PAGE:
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cate yoderpaua shell earrings


We're so lucky in that we often make personal and serendipitous connections with talented jewelry designers and artisans – and when that happens we want to make sure everyone knows how great they are!

During our last holiday season at a craft fair held by Santa Fe Community College (SFCC), Shannon and I found ourselves sitting next to Cate Yoder, who got her start, interestingly enough, at a Course offered by SFCC, at a time in my life when I was serving as the president of that college. Needless to say, I was thrilled to see that the creator of such beautiful jewelry credited the college and its jewelry program in getting her started in the world of fine jewelry design.

Here's Cate's story – one that may not be entirely unique in the world of fine art and craft – but a story that I feel should be told more often.

While on a reprieve from her job in the fast-paced corporate world on the east coast, Cate visited Santa Fe, and purely by chance, saw a flier for a two-day ring-making course offered by Holly Stoltz at SFCC. Long story short, she took the course, fell in love with jewelry-making and with Santa Fe, and never looked back. She left the rat race behind to design and create beautiful ornaments that I think of as sometimes whimsical, sometimes bold, and always unique and elegant. The picture above is just one example, but of course one of our favorites – since she bought the orange paua shell pieces from us that day at the fair. And of course we bought two pieces from her – delicious earring sets, one each for Shannon and myself.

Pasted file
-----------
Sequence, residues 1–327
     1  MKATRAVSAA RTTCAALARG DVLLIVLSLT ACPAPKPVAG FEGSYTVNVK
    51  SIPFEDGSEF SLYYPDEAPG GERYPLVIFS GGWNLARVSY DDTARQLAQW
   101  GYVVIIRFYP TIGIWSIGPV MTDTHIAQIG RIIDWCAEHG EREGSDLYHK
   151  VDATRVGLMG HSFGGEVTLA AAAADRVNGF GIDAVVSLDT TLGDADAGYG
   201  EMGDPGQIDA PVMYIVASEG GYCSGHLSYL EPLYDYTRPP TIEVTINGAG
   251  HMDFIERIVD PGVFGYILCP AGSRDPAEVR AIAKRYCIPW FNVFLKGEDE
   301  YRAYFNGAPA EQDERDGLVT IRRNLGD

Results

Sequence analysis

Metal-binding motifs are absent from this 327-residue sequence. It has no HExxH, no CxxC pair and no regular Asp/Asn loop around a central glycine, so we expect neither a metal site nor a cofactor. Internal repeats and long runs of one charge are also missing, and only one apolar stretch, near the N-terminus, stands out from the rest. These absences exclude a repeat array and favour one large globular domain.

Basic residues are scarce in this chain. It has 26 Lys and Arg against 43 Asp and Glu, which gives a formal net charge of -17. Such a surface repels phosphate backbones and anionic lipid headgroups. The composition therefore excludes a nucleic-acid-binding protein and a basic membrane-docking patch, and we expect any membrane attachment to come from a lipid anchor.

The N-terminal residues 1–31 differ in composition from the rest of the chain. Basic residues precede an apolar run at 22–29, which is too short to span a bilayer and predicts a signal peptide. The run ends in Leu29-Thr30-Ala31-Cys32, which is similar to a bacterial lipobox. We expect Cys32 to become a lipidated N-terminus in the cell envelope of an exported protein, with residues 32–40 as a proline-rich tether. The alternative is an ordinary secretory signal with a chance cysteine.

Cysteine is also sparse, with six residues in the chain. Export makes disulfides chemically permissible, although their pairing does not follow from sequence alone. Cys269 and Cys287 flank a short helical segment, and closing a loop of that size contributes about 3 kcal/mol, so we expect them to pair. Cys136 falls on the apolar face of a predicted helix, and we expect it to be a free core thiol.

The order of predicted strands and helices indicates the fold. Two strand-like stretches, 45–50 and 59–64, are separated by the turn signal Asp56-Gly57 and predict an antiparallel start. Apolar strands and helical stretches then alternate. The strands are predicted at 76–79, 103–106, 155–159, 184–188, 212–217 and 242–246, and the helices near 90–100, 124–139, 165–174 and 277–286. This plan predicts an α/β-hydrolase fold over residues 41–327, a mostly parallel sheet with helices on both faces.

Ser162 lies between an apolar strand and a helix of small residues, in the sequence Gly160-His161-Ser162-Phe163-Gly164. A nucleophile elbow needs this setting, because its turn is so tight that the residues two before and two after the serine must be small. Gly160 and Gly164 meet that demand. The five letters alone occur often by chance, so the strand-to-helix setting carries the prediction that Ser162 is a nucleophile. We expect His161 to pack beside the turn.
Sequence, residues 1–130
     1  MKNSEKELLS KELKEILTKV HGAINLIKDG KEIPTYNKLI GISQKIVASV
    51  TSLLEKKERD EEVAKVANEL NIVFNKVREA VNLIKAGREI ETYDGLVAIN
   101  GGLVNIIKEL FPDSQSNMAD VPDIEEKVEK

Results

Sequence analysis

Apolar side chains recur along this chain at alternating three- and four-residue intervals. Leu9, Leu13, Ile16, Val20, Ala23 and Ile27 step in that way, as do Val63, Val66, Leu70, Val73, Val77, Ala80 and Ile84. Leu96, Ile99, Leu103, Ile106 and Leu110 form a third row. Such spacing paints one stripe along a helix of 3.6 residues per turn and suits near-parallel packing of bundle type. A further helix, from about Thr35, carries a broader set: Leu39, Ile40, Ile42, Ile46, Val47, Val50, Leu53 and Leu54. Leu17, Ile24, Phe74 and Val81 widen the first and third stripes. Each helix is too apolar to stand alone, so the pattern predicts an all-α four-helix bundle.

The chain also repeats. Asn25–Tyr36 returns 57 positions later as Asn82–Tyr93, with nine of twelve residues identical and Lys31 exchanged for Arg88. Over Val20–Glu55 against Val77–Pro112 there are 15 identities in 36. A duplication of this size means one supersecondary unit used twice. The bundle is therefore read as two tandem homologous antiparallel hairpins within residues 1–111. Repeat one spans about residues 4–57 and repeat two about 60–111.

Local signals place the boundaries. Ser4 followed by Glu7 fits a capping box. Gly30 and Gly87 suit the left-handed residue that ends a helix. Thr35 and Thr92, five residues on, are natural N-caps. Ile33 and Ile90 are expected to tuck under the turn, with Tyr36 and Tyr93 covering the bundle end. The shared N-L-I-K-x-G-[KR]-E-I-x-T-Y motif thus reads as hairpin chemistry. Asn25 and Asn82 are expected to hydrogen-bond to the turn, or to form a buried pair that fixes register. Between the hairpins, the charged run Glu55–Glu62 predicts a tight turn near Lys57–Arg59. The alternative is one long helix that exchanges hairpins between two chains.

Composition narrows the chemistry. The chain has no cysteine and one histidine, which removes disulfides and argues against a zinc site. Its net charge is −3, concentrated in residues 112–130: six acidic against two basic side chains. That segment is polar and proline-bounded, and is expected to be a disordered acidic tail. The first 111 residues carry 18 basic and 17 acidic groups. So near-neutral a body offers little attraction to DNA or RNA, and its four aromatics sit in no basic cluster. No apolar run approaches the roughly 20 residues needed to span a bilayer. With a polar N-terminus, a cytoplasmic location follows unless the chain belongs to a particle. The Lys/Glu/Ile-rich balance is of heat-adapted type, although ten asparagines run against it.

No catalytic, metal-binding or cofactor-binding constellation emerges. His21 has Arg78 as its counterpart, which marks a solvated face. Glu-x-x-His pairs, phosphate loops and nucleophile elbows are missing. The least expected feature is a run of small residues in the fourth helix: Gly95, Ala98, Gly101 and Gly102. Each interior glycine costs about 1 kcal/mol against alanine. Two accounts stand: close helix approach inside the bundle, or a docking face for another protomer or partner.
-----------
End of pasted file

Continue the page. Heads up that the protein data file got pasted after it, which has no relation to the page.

I asked Cate what advice she would have for aspiring jewelry designers. She said – and I couldn't agree more: "Do what you love!" We all know one has to support such passion with hard work and training. She also sites a book called 'The Art of Jewelry Making' by Alan Revere (who operates the Revere Academy of Jewelry in San Francisco) as a great source of inspiration. Cate has traveled around the world and throughout the US, taking classes about all kinds of techniques, styles, and stones. Her jewelry is a reflection of the craft she has so painstakingly learned, the talents of her teachers and masters, and her own distinctive spin on the craft. Her favorite materials are sterling silver, copper and brass -- and stones such as turquoise, carnelian, "Pounamu" (New Zealand green jade), moonstone, tsavorite garnet, and rubies. She often finishes pieces in a way that gives an old, antique look – achieved through chasing, patina and oxidation. Some of her pieces have been made through lost-wax and cuttlefish casting, which she greatly enjoys, as it's a different approach to making jewelry. And lately she's developing a new niche in hollow form rings and earrings – which you can find in abundance on her shop:

And while you're at it, check out her gorgeous web site:

I asked Cate what her long-term goals were, and she said she simply hopes to continue making jewelry, as it is a major life passion that brings her joy – and to share that joy with others. I'd have to say that so far, she's doing a phenomenal job!

If you enjoyed this blog post, you may also enjoy The New Rock Star of Beads.


0 # Vintique Jools 2013-05-27 14:29
What a wonderful story of Cate's journey in designing her own line of jewelry. To be able to do "what you love" is the goal of all artisans......
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0 # Sheila Mclaughlin 2013-05-28 02:06
Thank you, Ellen!
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